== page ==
“When looking through graduate Software Developer CVs, candidates that have a side project always grab my attention. Ideally, they’re doing some web development outside of the classroom to put in to practice the theory they are learning. Those that have pet projects they are really excited about usually perform better at interview and get placed sooner than those who don’t. It’s hard to fake that kind of enthusiasm and interest,” said Adam Ferguson, Principal Consultant at Venturi.

Work on your ‘soft skills’

Some may be rolling their eyes at the mention of ‘soft skills’. But in tech many employers put a premium on them. A CV that reads like a long list of programming languages is unlikely to engage a recruiter or hiring manager. This is not to say that technical skills aren’t important. Obviously, if the development job you are applying for requires a lot of Java-based coding, then you’d better know your Java. However, much of what separates average graduates from those that are truly outstanding is not their technical expertise – it’s their ability to work well with others. Tech companies now put skills such as communication, teamwork, and leadership on an equal footing with the amount of code you can write in a day.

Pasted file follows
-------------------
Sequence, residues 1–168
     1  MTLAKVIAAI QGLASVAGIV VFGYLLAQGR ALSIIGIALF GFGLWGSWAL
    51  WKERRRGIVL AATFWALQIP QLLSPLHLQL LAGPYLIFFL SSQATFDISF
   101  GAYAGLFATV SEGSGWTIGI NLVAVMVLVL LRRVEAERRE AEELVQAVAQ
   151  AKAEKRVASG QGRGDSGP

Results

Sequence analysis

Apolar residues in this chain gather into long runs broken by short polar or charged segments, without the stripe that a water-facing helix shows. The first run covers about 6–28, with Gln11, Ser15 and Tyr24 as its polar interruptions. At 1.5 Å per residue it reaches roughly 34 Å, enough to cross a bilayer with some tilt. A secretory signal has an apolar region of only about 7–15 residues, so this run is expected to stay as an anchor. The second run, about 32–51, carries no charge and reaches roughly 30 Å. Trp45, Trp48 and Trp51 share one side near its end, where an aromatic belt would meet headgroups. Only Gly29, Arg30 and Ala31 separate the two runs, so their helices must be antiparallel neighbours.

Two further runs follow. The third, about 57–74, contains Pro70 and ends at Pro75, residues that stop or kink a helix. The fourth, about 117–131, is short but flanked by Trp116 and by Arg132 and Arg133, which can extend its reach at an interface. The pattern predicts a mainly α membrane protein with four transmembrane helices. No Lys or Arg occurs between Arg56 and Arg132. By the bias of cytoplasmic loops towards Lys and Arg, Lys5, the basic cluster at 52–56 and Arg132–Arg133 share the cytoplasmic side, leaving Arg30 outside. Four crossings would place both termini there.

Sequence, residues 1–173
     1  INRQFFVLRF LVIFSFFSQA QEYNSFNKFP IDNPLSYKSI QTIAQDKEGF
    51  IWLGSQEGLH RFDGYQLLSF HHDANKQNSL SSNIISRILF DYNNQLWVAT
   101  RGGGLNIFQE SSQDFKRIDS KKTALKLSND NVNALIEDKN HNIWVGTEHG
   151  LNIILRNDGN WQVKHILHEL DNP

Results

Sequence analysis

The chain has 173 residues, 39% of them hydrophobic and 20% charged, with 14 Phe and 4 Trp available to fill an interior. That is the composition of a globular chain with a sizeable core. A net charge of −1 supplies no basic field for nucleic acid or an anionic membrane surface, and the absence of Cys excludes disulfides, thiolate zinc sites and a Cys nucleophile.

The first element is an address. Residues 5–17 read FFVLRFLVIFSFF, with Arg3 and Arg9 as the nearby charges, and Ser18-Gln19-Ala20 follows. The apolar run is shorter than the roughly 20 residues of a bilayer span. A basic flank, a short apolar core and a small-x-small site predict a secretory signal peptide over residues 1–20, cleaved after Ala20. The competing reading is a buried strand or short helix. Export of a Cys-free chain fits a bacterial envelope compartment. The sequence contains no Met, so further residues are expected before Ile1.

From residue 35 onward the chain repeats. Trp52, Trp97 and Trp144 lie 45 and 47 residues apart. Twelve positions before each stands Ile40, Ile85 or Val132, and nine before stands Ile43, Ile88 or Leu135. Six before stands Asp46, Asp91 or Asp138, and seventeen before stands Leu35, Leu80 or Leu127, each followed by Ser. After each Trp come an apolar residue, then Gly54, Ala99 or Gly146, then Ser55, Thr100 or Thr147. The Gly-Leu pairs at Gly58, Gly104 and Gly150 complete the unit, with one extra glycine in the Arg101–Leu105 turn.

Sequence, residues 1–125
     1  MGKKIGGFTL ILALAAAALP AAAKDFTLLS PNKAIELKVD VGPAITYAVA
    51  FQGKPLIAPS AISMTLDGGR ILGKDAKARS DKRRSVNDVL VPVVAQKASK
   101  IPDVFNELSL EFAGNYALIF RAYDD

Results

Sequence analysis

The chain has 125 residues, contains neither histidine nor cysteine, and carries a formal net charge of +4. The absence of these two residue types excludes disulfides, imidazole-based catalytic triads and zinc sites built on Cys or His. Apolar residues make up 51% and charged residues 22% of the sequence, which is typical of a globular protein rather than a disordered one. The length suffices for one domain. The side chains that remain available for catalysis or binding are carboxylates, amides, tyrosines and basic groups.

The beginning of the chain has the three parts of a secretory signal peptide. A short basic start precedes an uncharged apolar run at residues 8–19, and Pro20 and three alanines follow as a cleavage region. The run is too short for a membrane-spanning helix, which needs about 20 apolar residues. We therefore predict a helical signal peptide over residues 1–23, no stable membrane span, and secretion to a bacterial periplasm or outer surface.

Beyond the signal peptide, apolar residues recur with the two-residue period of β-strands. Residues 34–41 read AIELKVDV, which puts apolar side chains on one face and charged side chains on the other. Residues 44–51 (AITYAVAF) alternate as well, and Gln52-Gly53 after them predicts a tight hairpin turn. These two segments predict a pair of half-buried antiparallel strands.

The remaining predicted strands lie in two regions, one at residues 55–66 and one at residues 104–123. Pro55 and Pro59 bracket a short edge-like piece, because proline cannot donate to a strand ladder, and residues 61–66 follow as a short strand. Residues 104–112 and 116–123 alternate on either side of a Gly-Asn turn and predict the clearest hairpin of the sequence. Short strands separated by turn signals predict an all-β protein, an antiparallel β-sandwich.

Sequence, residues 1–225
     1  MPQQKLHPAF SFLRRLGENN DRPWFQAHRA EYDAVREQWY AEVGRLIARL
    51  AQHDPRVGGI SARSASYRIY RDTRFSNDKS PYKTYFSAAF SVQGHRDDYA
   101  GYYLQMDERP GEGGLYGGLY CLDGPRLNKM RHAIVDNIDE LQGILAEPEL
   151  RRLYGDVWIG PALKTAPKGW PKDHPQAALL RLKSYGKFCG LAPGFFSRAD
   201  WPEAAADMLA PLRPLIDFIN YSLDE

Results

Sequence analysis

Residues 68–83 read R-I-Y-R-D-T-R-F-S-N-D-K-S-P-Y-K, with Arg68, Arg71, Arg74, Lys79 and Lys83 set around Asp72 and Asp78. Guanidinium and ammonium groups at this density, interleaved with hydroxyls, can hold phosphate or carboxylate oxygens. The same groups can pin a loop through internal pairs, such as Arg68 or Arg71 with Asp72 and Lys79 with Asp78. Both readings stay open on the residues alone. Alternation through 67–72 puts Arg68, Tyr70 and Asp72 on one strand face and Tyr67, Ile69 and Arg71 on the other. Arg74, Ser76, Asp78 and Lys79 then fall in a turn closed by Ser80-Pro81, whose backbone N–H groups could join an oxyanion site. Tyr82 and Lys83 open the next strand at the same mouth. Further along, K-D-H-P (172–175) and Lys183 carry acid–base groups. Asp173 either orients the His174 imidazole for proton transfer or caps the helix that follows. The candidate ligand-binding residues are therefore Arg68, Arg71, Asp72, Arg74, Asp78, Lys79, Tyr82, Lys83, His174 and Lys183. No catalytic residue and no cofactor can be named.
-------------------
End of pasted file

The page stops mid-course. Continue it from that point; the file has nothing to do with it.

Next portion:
Think of ways to demonstrate these softer skills on your CV by mentioning times you’ve solved problems through communication or detailing summer placements where you worked as part of a team. By putting an emphasis on communication and teamwork you’re showing not only can you master the “nuts and bolts” of the role but you’ll also be able to articulate why you’re doing what you’re doing to other departments and how that will ultimately benefit them.

Research all potential avenues for employment

The tech sector spans across all industries and includes a wide diversity of roles – from Big Data Analysts to Security Architects. As well as deciding on which roles and industries are a good fit for your skill set, you should give some thought to what sized company you would like for. The experience of working at a company with more than 10,000 employees is very different to working for one with 50. Do you want the structure and support of a large corporate company? Or the freedom and responsibility of a tech startup?